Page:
Dashing Scottish privateer Conner Douglas must marry a respectable, well-born woman—and soon, if he wants to secure his rightful inheritance. Determined to still explore the high seas as well as his mistresses’ beds, he aims to find a pliable wife who’ll turn a blind eye to his antics. And he knows just the woman—childhood friend and mousy spinster Miss Theodora Cumberbatch-Snowe.
Unbeknownst to Conner, meek and plain Theodora has been hopelessly in love with him for years. But unwilling to wait forever for what will never happen, Theodora plans to wed a kind—if unexciting—local landowner, leaving behind the wild Highlander of her dreams.
Yet Conner refuses to let his perfect wife get away. He chases her to Gretna Green and is shocked to discover the real Theodora is an ardent and wildly sensual woman. Soon he realizes his passion to win her has nothing to do with securing his inheritance and everything to do with earning the love of the unforgettable woman who has vowed to leave him in her past forever. But have his wandering ways chased the woman he loves away for good? Or can Conner convince Theodora to give him one last chance before she marries the wrong man?
Meet Conner and his brothers in this excerpt from @SimonAudio:
"Rich with action, awash in emotion, and seasoned with the perfect amount of humor, CAUGHT BY THE SCOT is a decadent, enjoyable, fast-paced read."
~ Cherry Pick Romance
Theodora bolted to her feet before she could take another breath, wincing as her sore ankle accepted the pressure of standing even as her gaze locked on the man outside. She set her glass down without noticing that she missed the small table and it went tumbling to the rug as she hobbled toward the window. Blast it, what is Conner Douglas doing here?
It had to be an unfortunate coincidence as her own parents didn’t yet know she was eloping, and wouldn’t until they returned from town next week and found the letter she’d left. Whatever Conner's reason for coming to this inn, she had no wish to speak him, not now or ever.
He handed his horse to a postboy and strode toward the inn door, walking with such purpose that her heart thundered in warning. She looked frantically around the small parlor to find a place to hide, but the sound of his deep, lilting voice in the hallway put that faint hope to rest.
She’d have to face him. Cursing feverishly, she limped to the mirror, horrified to see the bloodied scrape on her jaw and the way her thick brown hair, only partially dry, had curled in a horrifyingly Medusa-like manner. Good God, where is a comb when one needs it?
Before she could do more than pat her curls one quick time, the door flew open and Conner strode into the parlor escorted by the maid, a young lass with red hair who couldn’t seem to stop staring at the Scotsman, her eyes full of longing.
Theodora couldn’t blame the poor girl. The striking Douglas looks were hard to resist. Broad-shouldered, startlingly handsome with dark brown hair that curled about his neck, a piercing light blue gaze that changed with his many moods, his smile as blinding and wild as a pirate’s, a career he was often accused of following, he was the stuff of fairytales and dreams.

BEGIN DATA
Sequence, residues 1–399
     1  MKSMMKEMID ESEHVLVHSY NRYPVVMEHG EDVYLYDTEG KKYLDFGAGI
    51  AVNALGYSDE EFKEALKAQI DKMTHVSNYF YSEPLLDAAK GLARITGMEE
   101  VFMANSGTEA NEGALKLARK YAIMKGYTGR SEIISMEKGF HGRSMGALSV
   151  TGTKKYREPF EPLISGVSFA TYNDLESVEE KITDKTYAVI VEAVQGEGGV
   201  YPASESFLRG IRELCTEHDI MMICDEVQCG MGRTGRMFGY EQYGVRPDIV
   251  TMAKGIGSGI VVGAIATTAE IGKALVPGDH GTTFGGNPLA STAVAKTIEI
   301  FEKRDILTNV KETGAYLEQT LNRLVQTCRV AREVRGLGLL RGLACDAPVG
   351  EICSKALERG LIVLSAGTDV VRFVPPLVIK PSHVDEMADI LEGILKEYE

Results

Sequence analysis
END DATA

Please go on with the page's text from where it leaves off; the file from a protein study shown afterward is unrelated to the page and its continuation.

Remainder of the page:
His gaze flickered over her now, taking in her wet, muddied gown, her bedraggled hair, and finally finding the scrape on her jaw. His gaze, at first so bright on seeing her, turned icy. “If that fool has laid one finger on you—”
“Don’t be ridiculous! We had an accident.” Her voice was sharper than she meant it to be and she took a second to calm herself, realizing with a sinking stomach that he did indeed know why she was here. But how?
“The wheel on our curricle broke, and I was thrown out.”
"Bloody hell!" Concern darkened his eyes. “Are you injured elsewhere?”
She thought of her knee and ankle. “No.”
"Och, lass, what has that fool done to you?" The soft lilt of his voice made her throat tighten and she shivered, although not from the cold, but from the warmth of his tone.
“You’re shivering." He stalked across the room and stopped before her. He tugged off his overcoat, and swung it about her shoulders, instantly enveloping her in warm wool and the heady scent of his sandalwood cologne.
She tried to push the coat off. “Please, I don’t—”
“Pssht.” He tugged it back in place. “Wear the damned thing; you’re shaking from the cold.”
She didn’t have the energy to argue, so she pulled the coat more snuggly about her, and was instantly warmer. While the long woolen coat only reached Conner’s calves, it pooled at her feet.
The soothing warm weight comforted her and as her shield of irritation eased, the stressful events of the morning hit with fresh vigor. Theodora had to swallow the desire to both burst into tears and throw her arms about his neck.
To save herself from doing either, she turned to the maid. It took several hard gulps, but Theodora managed to say in a voice that only trembled a little, “We would like some tea, please.”
The maid struggled to rip her gaze from Conner, who was oblivious as usual to the attention being paid him. With a lingering sigh, the maid bobbed a curtsey. “Yes, miss. We’ve lemon cakes fresh from town just this morning. Shall I bring some for the squire, too?” The maid sent a secretive glance at Conner to see if he were surprised to hear that Theodora was not at the inn alone.
Conner’s scowl deepened the faintest bit.
Thea wet her bottom lip nervously. Why is he so upset? He wouldn’t care if I eloped, I’m sure of it. She turned to the maid. “The squire is away seeing to the curricle. If he wants tea when he returns, we'll ask for it then.”
The maid looked disappointed at Theodora’s aplomb, but bobbed a curtsey and, with a last longing gaze at Conner, left.
You poor girl, Theodora thought. He looks like every hero you’ve ever imagined, doesn’t he?
And yet he’s far, far from that.